The Open Veins of Latin America

21/03/2014

I’ve not had chance to write anything today so instead I’m just going to post the notes I made regarding the book Open Veins of Latin America which exposes the hidden side of Capitalism and Imperialism. The book was first published in 1971 and was written by Eduardo Galeano.

For its foreign masters and for our commission-agent bourgeoisie, who have sold their souls to the devil for a price that would have shamed Faust, the system is perfectly rational; but for no one else, since the more it develops, the greater its disequilibrium, its tensions and its contradictions- Page 4

The demand for sugar produced the plantation, an enterprise motivated by its owners desire for profit and placed at the service of the international market Europe was developing- Page 60

I think about the Francisco Sugar Company (in which Allan Dulles was a director)- Page 74

US concerns took over lands, customs houses, treasuries and governments; marines landed here, there and everywhere to “protect the lives and interests of US citizens”. To cite but one example the US occupied Haiti for 20 years and, in that black country  that had been the scene of the first victorious slave revolt, introduced racial segregation and forced labour, killed 1500 workers in one of its repressive operations (according to a US Senate investigation in 1922) and when the local government refused to turn the Banco Nacional into a branch of New York’s National City Bank, suspended the salaries of the president and his ministers so that they might think again- Page 108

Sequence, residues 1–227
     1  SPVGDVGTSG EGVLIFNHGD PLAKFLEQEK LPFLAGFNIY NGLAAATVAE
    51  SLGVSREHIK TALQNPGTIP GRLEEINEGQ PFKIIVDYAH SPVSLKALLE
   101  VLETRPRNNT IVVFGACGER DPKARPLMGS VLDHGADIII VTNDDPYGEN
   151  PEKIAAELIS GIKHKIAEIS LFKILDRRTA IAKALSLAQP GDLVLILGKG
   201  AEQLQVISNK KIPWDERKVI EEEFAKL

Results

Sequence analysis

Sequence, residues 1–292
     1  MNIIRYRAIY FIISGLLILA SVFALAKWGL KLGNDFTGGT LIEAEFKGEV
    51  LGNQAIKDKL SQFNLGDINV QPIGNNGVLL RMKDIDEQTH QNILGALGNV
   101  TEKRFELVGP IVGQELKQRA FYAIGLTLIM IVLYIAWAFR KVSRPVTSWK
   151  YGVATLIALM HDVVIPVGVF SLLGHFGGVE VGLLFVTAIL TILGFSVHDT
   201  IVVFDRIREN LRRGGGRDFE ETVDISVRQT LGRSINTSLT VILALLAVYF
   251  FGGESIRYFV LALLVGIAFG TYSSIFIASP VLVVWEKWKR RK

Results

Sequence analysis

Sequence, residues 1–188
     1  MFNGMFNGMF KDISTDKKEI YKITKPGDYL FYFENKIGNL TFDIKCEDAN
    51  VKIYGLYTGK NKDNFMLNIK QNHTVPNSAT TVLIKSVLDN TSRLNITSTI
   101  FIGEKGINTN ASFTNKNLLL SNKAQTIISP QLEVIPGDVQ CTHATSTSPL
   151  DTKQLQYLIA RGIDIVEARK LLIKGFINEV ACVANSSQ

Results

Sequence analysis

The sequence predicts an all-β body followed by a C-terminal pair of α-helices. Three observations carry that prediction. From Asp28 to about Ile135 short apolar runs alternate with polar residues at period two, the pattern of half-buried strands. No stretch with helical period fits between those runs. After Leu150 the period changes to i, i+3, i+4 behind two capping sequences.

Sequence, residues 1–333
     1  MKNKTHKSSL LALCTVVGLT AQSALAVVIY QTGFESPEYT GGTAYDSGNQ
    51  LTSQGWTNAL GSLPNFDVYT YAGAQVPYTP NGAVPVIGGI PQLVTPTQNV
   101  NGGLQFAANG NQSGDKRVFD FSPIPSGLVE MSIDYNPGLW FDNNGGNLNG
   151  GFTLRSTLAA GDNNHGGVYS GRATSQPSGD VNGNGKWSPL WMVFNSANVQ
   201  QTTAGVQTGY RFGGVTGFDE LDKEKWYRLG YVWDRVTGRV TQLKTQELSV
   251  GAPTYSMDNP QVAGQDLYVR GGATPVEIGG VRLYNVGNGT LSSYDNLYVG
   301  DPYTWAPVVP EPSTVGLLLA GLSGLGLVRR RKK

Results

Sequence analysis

In 1845 the United States had annexed the Mexican territories of Texas and California, where it restored slavery in the name of civilisation. Mexico also lost the present states of Colorado, Arizona, New Mexico, Nevada and Utah- more than half the country. The stolen territory was equal in size to present day Argentina. After the invasion, the rest of Mexico’s mutilated territory suffered from US investments in copper, petroleum, rubber, sugar, banking and transportation. Far from guiltless in the extermination of the Maya and Yaqui Indians on Yucatan henequen plantations- concentration camps where men, women and children were bought and sold like mules- was the Standard Oil affiliate American Cordage Trust, which bought more than half the henequen and could sell it at a handsome profit- Page 121